Auto Express The Honda CR V is known for its practicality.
It was one of the first compact SUVs when it was launched back in 1995, and a recent facelift of the latest fourth generation model has given the CR V more of a premium feel than ever, without sacrificing anything in the way of usability.On paper economy is impressive, as is the car's refinement, but the most appealing thing remains the Honda's big boot. The crossover sector is crowded and the CR V has many rivals, but the likes ofthe Mazda CX 5, Hyundai Tucson, Ford Kuga and Kia Sportagecan't match its spacious load bay, versatile rear seats and roomy interior.Many of its competitors are more fun to drive, but the Honda is a relaxed motorway cruiser although we'd suggest sticking to one of the diesel engines for the best balance of performance and efficiency. The bigger issue is going to be price, as a decent specification Honda CR V costs at least 25,000 and there are some seriously talented alternatives that are considerably cheaper than that.The Honda CR V is a five door SUV that's a little too traditional and large to be counted as one of the more fashionable compact 'crossover' style SUVs. But it's the crossover crowd the Honda CR V must compete with, as well as other more traditional 4x4s. So the list of CR V rivals includes such luminaries as the Nissan Qashqai, Skoda Yeti and Kia Sportage, as well as the Ford Kuga, Mazda CX 5, SEAT Ateca, Toyota RAV4 and Volkswagen Tiguan. Within Honda's own line up, the CR V is a model up from the HR V which makes it the biggest Honda for sale in the UK.Like many of the more fashionable crossovers, the CR V is no hardcore off roader. It's designed primarily as comfortable and practical road transport, and half the models on offer come with only two wheel drive. The line up starts with the Honda CR V S entry model, which is reasonably equipped with 17 inch alloys, dual zone auto climate control, Bluetooth and DAB radio, plus cruise control, stop/start and city brake.Next up is the CR V SE Plus which adds parking sensors, fog lamps, and auto lights and wipers. Both S and SE Plus are available as Navi versions with the Honda Connect infotainment and Garmin navigation system. Moving up to the CRV SR adds 18 inch alloys, HID cornering headlamps and half leather/half alcantara seats, while the top spec CR V EX features a full leather interior, panoramic glass roof, plus smart keyless entry and start.Depending on the model you pick, there's a range of three engine choices. The 1.6 litre i DTEC diesel comes with either 118bhp or 158bhp the former available only with 2wd and a six speed manual, and the latter available only with 4x4 and a choice of coach outlet coupons 2017 manual or nine speed auto gears. If you pick the 2.0 litre i VTEC petrol engine, you can choose two or four wheel drive, and both with either manual or automatic gears.The current Mk4 CR V debuted in late 2011 and was revised in 2015, incorporating the company's 'wing grille' corporate face in the process. It's a well established model though. The first generation CR V was on sale from 1995 to 2001, the Mk2 was made from 2001 to 2006, while the third generation CR V (2006 2011) had a curvier look as part of a radical makeover. By the time the fourth generation car arrived in the UK in 2012, Honda had already sold more than five million coach handbags purses CR Vs around the globe in less than 20 years in production, proving what an important model it is for the company.Honda has a great reputation for building fantastic engines, and the 1.6 i DTEC diesel in the coach outlet sale your clothes CR V is quite impressive. Cutting edge technology has been used to ensure it maximises efficiency, and considering its small capacity, it serves up good performance in a car of the CR V's size. The engine is available with six speed manual or nine speed automatic transmissions in its more powerful guise, although the auto isn't the best performer. While gearchanges are smooth, it's sluggish to respond and dulls the engine's performance.The 1.6 i DTEC engine is relatively quiet on start up, with only a hint of diesel rattle. It remains a smooth and refined performer up to its 5,000rpm limiter. Opt for the six speed manual instead of the auto, and you'll find it a pleasure to use thanks to its precise changes. However, despite its impact on acceleration, the auto suits the car's laid back, relaxed nature.The rest of the CR V driving experience can't quite match the engine. This compact SUV has been designed with practicality and comfort in mind, so there's not much fun to be had. The plus side of this set up is that bumps and potholes are soaked up well.Grip and traction are also decent, especially on four wheel drive models, but the slow steering means you have to turn the wheel more than you might expect to navigate a corner, which doesn't inspire confidence. The lower powered version, with 118bhp and 300Nm of torque, has been available since 2013, but cannot be specified with four wheel drive or an automatic gearbox. The plus side to this is that the 118bhp 1.6 is 116kg lighter than the old 2.2 CR V, which meant Honda had to coach outlet stores 60611 specially recalibrate the suspension to compensate, which helped boost its handling.A more powerful version of the 1.6 i DTEC engine superseded the previous 148bhp 2.2 litre i CTDi diesel. This delivers the same 350Nm of torque as the old 2.2, but adds another 10bhp to the mix with 158bhp, so it's 40bhp more than the entry level 1.6. Both 1.6s make their peak power at 4,000rpm and deliver maximum torque from 2,000rpm.Honda also offers the CR V with a 2.0 litre i VTEC petrol engine. This offers 153bhp at 6,500rpm, but when compared to the diesels it looks short on torque; it musters just 192Nm at a peaky 4,300rpm. The petrol engine isn't really worth considering over either of the excellent 1.6 i DTEC motors. While all the engines provide decent refinement, the diesels make more sense, with lower CO2 emissions and greater efficiency to help keep running costs in check.What the CR V lacks in driver involvement and excitement, the 1.6 i DTEC engine more than makes up for with impressive fuel economy and CO2 figures. The lower powered 118bhp CR V claims 64.2mpg, as well as 115g/km emissions.The more powerful 158bhp i DTEC diesel is still impressive, with a claimed 57.7mpg and 125g/km in SE manual guise. Fit the automatic gearbox, and the official economy figures will plummet by around 2mpg, while emissions will rise by 5 6g/km. Plus, higher trim levels with bigger alloy wheels mildly affect efficiency, too.Not surprisingly, the 2.0 litre i VTEC petrol CR V is less frugal. Manual front wheel drive versions claim 39.2mpg economy and 168g/km emissions, while cars specified with an automatic gearbox and 4x4 transmission have official figures as low as 36.7mpg and as high as 179g/km. So while the diesels sit in road tax bands C to E, the petrol CR Vs fall into band H or I, and will cost you more in road tax.Lower Benefit in Kind ratings will make the diesels more tempting as company cars; they range from 21 to 25 per cent, whereas the petrol models range from 28 to 30 per cent. That means the cheapest diesel will have an annual tax liability of 82 for 20 per cent rate taxpayers and 164 for those earning at the 40 per cent rate; the most expensive diesel has comparable Benefit in Kind bills of 148 and 296. For the diesels, opting for four wheel drive has a negative impact on the cost of insurance. Diesel CR Vs are predicted to hold on to as much as 40 per cent of their original purchase price over three years and 60,000 miles, which is an impressive second hand performance.The previous generation Honda CR V looked a little awkward from some angles, but the latest version has a cohesive, no nonsense shape. Even so, compared to rivals such as the Nissan Qashqai and Mazda CX 5, the car can appear a little slab sided and bland.Wraparound headlights and a grille featuring three prominent chrome bars contribute to a more aggressive front end than before. Slight changes were made in early 2015, when the car received a light update to the front and rear, as well as tweaked suspension, steering and gearbox components. The overall design alterations add up to a more attractive car, even if we wouldn't exactly call it striking.The colour palette for the CR V is heavy on the monochrome, with nine shades offered. Of those, four are 'colours', with two blues, a deep brown and vivid red all available for the more daring buyer.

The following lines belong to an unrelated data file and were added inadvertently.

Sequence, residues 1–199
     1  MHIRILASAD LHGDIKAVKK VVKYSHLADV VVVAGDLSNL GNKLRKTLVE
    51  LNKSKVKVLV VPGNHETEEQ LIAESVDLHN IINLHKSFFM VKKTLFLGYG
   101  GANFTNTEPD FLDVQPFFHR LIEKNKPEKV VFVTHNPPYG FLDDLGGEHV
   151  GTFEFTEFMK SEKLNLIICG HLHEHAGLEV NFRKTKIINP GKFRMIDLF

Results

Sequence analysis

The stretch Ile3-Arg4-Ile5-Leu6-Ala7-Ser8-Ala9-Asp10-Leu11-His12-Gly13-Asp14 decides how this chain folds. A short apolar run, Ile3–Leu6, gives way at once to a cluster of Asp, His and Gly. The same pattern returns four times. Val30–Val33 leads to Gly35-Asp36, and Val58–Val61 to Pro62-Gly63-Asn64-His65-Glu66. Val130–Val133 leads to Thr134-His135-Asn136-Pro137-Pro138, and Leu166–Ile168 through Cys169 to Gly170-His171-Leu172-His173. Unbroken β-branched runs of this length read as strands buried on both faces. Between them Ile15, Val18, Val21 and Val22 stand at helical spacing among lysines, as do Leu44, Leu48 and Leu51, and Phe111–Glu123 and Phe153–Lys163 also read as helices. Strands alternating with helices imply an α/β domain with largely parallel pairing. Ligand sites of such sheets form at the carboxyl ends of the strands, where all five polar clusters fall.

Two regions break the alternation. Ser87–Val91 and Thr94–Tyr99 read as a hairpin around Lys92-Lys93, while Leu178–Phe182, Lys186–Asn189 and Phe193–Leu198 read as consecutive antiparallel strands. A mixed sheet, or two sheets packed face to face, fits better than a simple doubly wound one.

Customers also have one 17 inch, one 18 inch and four 19 inch alloy wheel designs to choose from, while a cost option Aero Pack is available to beef up the car's appearance.Inside, the dash in the CR V is less button heavy than in other models in the Honda range, and the plastics used feel solid and robust. However, the trade off for this button free design is that you get a cheap looking touchscreen infotainment system slotted into the dash.
Prev: coach outlet purses spartina
Next: coach outlet sale codes